In addition to the abundant talent pool, cricket in India has benefited by the innovative marketing strategies adopted by the Board of Control for Cricket in India. With top-notch corporate houses making a beeline to be associated with the Indian cricket team, the Board laughing all the way to the bank.

The cricketers too have made a fortune out of their celebrity status by endorsing a host of consumer products. Given the popularity of the game and the players' celebrity status, it's no wonder that the majority of the young kids of this country aspire to be successful cricketers.


Full Name: Mahendra Singh Dhoni
Born: July 7, 1981, Ranchi, Bihar
Major teams: India, Jharkhand
Batting style: Right-hand bat
Fielding Position: Wicketkeeper

Achievements:Highest score by a wicketkeeper in ODIs (183 not out); highest number of sixes (10) in an ODI innings by a wicketkeeper (most by an Indian); highest batting average for a wicketkeeper

Mahendra Singh Dhoni is the new poster boy of Indian cricket. With his long mane and swashbuckling batting style, Dhoni has the whole country drooling over him at this moment.

Dhoni got his big break in the Indian team courtesy his exploits against Pakistan A, in the triangular tournament in Kenya, where he destroyed bowling attacks with disdain. After making his one-day international debut against Bangladesh in Chittagong in December 2004 Dhoni remained subdued in the first four matches he played.

It was his fifth one-dayer, against Pakistan at Vishakapatnam, which heralded MS Dhoni's arrival at the big stage when the dashing wicket keeper cracked a dazzling 148 from just 123 balls. Dhoni followed it with another cracker of an innings against Sri Lanka on 31 October 2005, when he clobbered his way to a mammoth 183 off just 145 balls, thus breaking Adam Gilchrist's record for the highest score by a wicketkeeper in ODIs

During this blitzkrieg, Dhoni also broke Saeed Anwar's record of most runs scored off boundaries by scoring a total of 120 runs off 4s and 6s eclipsing the previous record of 118.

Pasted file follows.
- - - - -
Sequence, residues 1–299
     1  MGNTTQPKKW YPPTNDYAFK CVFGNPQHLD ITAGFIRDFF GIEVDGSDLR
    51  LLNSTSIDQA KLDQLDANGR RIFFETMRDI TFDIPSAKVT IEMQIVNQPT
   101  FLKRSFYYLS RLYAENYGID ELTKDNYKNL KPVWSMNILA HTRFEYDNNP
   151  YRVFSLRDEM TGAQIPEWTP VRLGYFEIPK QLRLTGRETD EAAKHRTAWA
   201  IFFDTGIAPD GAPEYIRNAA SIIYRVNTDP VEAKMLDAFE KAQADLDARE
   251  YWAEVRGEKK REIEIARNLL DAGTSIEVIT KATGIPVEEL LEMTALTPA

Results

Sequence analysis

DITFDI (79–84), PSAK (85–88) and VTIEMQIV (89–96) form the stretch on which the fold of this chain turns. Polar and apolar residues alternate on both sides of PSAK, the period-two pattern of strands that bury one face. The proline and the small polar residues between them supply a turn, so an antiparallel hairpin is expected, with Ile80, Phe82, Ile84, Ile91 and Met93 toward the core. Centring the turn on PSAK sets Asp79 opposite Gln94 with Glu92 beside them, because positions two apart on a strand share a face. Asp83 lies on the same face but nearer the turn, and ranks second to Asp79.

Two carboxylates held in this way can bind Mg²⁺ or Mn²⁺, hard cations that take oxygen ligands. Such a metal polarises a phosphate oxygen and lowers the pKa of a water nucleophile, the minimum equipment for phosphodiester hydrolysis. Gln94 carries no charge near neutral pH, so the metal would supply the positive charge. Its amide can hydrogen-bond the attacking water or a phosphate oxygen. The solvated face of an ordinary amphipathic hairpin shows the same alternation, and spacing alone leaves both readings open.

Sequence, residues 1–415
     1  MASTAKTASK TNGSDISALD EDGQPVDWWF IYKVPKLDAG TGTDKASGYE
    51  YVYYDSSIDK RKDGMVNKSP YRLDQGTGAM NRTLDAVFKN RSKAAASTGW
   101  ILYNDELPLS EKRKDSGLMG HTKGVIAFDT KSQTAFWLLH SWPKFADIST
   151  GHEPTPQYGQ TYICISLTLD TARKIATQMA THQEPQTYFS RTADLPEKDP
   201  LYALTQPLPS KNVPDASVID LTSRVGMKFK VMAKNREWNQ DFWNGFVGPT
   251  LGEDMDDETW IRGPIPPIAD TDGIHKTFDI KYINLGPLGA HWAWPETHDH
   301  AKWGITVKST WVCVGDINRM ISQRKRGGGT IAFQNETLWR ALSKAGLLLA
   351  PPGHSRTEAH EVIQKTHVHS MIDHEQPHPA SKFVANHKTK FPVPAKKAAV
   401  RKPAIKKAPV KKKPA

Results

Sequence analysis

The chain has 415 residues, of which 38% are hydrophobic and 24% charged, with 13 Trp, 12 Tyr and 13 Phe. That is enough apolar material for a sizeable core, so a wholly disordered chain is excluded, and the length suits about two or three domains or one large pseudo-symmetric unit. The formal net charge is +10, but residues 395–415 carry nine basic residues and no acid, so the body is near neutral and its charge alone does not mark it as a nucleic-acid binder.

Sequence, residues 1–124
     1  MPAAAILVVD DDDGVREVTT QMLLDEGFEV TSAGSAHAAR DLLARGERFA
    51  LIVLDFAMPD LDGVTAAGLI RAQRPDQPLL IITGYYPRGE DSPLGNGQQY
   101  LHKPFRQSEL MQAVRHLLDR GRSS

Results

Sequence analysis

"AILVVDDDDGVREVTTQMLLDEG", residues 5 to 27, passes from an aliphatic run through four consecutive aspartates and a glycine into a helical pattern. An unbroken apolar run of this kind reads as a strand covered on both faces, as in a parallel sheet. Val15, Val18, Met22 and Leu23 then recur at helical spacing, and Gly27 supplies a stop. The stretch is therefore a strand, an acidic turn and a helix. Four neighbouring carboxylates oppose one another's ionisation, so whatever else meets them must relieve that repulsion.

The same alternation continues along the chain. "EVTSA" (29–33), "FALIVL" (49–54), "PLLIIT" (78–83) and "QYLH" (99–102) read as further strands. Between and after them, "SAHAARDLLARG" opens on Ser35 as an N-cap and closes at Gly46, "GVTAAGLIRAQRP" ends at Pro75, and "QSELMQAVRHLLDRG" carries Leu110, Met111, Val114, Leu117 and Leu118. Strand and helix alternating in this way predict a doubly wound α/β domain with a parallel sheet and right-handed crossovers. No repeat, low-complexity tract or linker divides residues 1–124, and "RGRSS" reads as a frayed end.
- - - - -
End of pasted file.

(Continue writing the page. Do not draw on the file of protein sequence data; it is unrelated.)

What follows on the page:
Riding on the good showing in the One-Dayers, Dhoni made his Test debut against Sri Lanka and in only his fifth Test, scored his maiden century to help India avoid follow-on against Pakistan. Ever since, Dhoni has been a crucial member of the Indian side.


Full Name: Rahul Sharad Dravid
Born: January 11, 1973, Indore, Madhya Pradesh
Major teams: India, Scotland, ICC World XI, Karnataka, Kent
Batting style: Right-hand bat
Bowling style: Right-arm off break

Achievements:Longest streak of consecutive Tests since debut (94); greatest number of innings since debut before being dismissed for a duck; the best career test average among the contemporary test batsmen (58.55); Involved in the highest partnership (331 runs) in the history of ODI cricket along with Sachin Tendulkar vs New Zealand; ICC Player of the Year 2004

Throughout his illustrious career, Rahul "the Wall" Dravid has lived up to his moniker on umpteen occasions, stonewalling against the best of attacks to serve the Indian cause. Dravid-who averages around 60 in both forms of the game-can undoubtedly be called the most valuable player for India.

An epitome supreme technical prowess, Dravid made an impressive debut against England scoring a fighting 95. He made his mark quickly and went on to play in 94 consecutive Tests since his debut, the run being ended only by illness before the second Test against Sri Lanka in 2005. This sure is an evidence of the phenomenal consistency the man has showed over the years.

Notwithstanding his technical superiority, Dravid was stereotyped as the archetypal Test match player who is not fit for the shorter version of the game. Undeterred by such criticism, Dravid persisted and evolved his game to such an extent that he has been India's most prolific run-getter in the last two years.

The year 2001 heralded the start of a glorious phase in Dravid's career. After defying his critics with a monumental 376-run partnership with VVS Laxman in the historic Calcutta Test, Dravid's glorious streak continued with double centuries against England, Australia and Pakistan including a brilliant run of centuries in four consecutive innings against England and the West Indies.

Ever the quintessential team man, the unassuming Dravid has also shouldered the responsibility of donning the wicket keeper gloves to allow an extra batsman into the playing eleven for India. Unlike some of predecessors, the onerous task of Indian captaincy has not affected Dravid's sublime batting skills and he has earned accolades for innovative leadership.


With Sir Alex Ferguson and Arsene Wenger going head-to-head for the 34th time this weekend, Opta break down who has the upper hand to date.

Statistically, Wenger holds sway with 14 wins to his name to Ferguson's 12 victories in all competitions.

The Premier League record between the pair cannot be separated with eight wins apiece,

Also in the FA Cup the duo cannot be separated with two wins apeice and one draw in the five meetings between the two fierce rivals.

In the Carling Cup the experienced pair have one win each to their name, but in the Community Shield they have contrasting records.

The Red Devils boss has just the one success against Wenger from their four encounters in the Community Shield.

OVERALL Ferguson Wenger
Matches 33
Wins 12 14